Strategies that will enable African countries to keep more of their money

By | 2013-10-15T06:05:29+00:00 October 15th, 2013|0 Comments

To become economically successful African countries have to do two things simultaneously: (1) They have to keep more of what they earn; and (2) they must sell more of their products and services to the world. By products, I am not only referring to commodity exports but also manufactured goods as well services. Services that western companies desire simply to reduce their labor overhead while delivering market-share preserving services to their customers. Services such as call centers for banks and credit card companies, information processing centers, corporate accounts’ receivables and payables processing and accounting services, as well as a whole host of other similar activities and profit centers, which allows African countries to deploy their low cost labor. If there is an African country that has used exchange rate policies to artificially prop up the cost of labor and commodities, now is the time as we are a few years into the 21st century, to reconsider such ill-advised short-term remedies. Changing strategies will bring short term pain but long term, permanent gain.

In order to keep more of what they earn, African countries have to reach deep into the bag of tools that sophisticated and non-sophisticated countries alike have used to combat economic challenges. For instance, every country that imports goods and services should link outflow related to it to export goods and services from their country. It is going on in other richer countries as we speak. In military procurement, western countries deploy co-production—a variation of offset technique. Why co-production? It allows the countries that are contracted to buy the weapons and offer the ordinance system a chance to offset some of the resources that they will spend procuring the system to contribute through a sub-contracting part of the manufacturing to their home companies, using their labor and raw materials. This in effect minimizes the resource flow out of their treasury.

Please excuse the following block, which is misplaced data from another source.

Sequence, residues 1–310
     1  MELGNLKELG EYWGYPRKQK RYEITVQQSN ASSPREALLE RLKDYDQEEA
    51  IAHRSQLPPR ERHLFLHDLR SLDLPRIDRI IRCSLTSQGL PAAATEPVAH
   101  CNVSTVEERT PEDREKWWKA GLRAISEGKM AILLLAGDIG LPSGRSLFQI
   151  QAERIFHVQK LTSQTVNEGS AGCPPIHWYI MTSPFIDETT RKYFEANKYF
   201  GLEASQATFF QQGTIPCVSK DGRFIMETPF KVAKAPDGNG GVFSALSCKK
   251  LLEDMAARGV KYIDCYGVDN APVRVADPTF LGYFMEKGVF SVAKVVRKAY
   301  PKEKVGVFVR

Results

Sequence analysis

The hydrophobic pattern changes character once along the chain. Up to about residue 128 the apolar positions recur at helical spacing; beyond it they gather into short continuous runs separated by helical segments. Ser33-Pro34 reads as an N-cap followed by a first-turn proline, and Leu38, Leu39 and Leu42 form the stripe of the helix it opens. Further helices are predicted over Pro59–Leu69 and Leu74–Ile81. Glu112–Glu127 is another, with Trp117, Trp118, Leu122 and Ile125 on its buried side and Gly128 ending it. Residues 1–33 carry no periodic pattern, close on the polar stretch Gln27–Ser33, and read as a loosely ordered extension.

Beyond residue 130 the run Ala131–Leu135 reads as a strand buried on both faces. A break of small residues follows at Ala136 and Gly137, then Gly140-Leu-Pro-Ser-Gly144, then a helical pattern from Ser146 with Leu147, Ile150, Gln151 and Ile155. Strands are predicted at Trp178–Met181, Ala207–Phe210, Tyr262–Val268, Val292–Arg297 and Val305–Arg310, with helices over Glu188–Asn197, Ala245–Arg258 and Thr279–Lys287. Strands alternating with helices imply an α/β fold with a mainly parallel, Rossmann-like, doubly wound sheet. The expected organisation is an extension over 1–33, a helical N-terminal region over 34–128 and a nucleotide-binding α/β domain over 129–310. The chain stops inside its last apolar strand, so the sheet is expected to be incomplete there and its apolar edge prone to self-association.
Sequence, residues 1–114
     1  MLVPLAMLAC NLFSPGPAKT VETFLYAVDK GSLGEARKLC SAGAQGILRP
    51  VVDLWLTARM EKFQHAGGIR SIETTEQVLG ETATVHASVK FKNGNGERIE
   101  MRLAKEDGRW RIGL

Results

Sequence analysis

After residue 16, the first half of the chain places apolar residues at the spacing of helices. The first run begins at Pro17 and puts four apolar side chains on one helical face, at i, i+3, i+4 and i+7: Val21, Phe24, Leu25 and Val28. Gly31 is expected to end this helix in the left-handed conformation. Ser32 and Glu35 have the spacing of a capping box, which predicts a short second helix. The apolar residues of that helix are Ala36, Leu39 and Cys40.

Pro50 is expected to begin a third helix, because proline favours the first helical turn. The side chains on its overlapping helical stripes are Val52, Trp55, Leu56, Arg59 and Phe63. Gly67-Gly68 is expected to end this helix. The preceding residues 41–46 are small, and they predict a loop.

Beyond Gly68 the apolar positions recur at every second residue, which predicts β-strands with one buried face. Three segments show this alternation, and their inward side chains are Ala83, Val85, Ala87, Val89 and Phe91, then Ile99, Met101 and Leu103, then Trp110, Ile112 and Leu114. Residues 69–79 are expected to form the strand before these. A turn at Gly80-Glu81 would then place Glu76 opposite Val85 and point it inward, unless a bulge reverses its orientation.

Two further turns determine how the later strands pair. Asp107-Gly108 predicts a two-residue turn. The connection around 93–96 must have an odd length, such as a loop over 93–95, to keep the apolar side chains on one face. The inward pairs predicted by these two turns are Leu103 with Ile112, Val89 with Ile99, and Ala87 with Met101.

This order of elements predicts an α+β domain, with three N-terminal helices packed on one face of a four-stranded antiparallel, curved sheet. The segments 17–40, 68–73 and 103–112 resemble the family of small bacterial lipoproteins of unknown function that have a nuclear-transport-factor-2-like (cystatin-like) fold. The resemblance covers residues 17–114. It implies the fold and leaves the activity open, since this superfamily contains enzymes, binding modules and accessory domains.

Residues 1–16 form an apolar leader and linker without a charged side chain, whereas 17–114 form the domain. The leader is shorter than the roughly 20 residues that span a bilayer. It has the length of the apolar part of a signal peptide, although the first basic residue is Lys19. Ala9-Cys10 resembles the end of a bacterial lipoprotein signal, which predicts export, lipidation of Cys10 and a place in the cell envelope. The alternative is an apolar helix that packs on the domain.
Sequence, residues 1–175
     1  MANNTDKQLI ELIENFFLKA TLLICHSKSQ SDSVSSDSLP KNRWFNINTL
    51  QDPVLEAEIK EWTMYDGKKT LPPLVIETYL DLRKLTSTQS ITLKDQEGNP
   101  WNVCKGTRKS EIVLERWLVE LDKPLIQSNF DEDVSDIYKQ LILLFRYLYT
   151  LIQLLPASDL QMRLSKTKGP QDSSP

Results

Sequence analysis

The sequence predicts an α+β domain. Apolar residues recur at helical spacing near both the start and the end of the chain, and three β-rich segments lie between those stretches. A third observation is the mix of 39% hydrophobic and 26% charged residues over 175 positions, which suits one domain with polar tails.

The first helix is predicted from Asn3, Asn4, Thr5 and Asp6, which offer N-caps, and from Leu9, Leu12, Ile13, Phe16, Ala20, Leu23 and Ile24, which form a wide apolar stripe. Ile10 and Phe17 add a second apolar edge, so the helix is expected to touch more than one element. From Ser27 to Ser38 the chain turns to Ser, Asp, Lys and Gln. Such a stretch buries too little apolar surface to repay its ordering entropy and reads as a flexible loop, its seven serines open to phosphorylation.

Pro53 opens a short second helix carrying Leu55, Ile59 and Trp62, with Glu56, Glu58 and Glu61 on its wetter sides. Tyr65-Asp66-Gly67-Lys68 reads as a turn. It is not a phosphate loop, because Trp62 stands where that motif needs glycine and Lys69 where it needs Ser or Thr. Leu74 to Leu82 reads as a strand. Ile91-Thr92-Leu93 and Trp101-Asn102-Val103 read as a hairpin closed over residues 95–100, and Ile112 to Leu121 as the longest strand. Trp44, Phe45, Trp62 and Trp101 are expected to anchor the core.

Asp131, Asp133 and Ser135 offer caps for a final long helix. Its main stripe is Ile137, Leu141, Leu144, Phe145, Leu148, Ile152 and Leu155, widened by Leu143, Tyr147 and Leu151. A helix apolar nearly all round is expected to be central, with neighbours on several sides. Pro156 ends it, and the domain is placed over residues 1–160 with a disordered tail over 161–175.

Offset technique of compensatory trade, therefore, is one way in which African countries can immediately reduce hard currency outflows. Offset technique will work in their domestic economy as well. There are many companies in African countries that are huge importers, contractors or beneficiaries of government patronage but who do not invest in areas that are important to the local economy. In their case, applying offset is enforcing a quid-pro-quo. It means saying to local companies, in effect, that in order to qualify for this contract award, it is necessary to invest in an export industry. So offset technique not only gives poorer countries a way to constrain and stretch resources, it can also help them to compel local companies to make investments in areas that are important to the development of their economy. Construction is a huge drain on finances of African countries. It therefore makes sense for beneficiaries of construction contracts to spend a designated amount of the contract award on local investments. It is a good way to build a local export capability in manufactured and processed goods as well as some of the labor-sensitive services areas mentioned earlier.

In hard numbers, assuming a country awards the equivalent of five million dollars in contracts every year, if an offset requirement of ten percent to twenty percent is added to the contract, five hundred thousand to one million dollars of new investment projects will be derived from the contracts. The investments if properly deployed will create jobs, produce goods and services for local and or international consumption, thereby positively affecting the local economy in myriad of ways. It is also an opportunity for public-private partnerships across a broad spectrum of public and commercial interests in symbiotic arrangements in which business benefits and does what its commercial mandate specifies while also contributing to the public good. Where it was once a direct and immediate outflow from treasury, offset requirement reverses some of the flow and turns it into a jobs-creating capital investment in the local economy. Deploying offset technique of compensatory trade is just one of many ways in which African countries can keep more of what they earn and grow their economies.

About the Author:

The author, John Akhile, is a man of varied entrepreneurial accomplishment in several fields. His range of interest includes fields as diverse from one another as; international trade, real estate and restaurants, demonstrating his keen interest in international affairs and in the cultural underpinnings of society. In many respects he is as a true "Renaissance" man because he has great depth of knowledge and command in many diverse fields. However his central passion has been the African continent and people, having concentrated on the issues hindering development and growth in African countries for more than more three decades. It has led to one self-published book and Unleashed.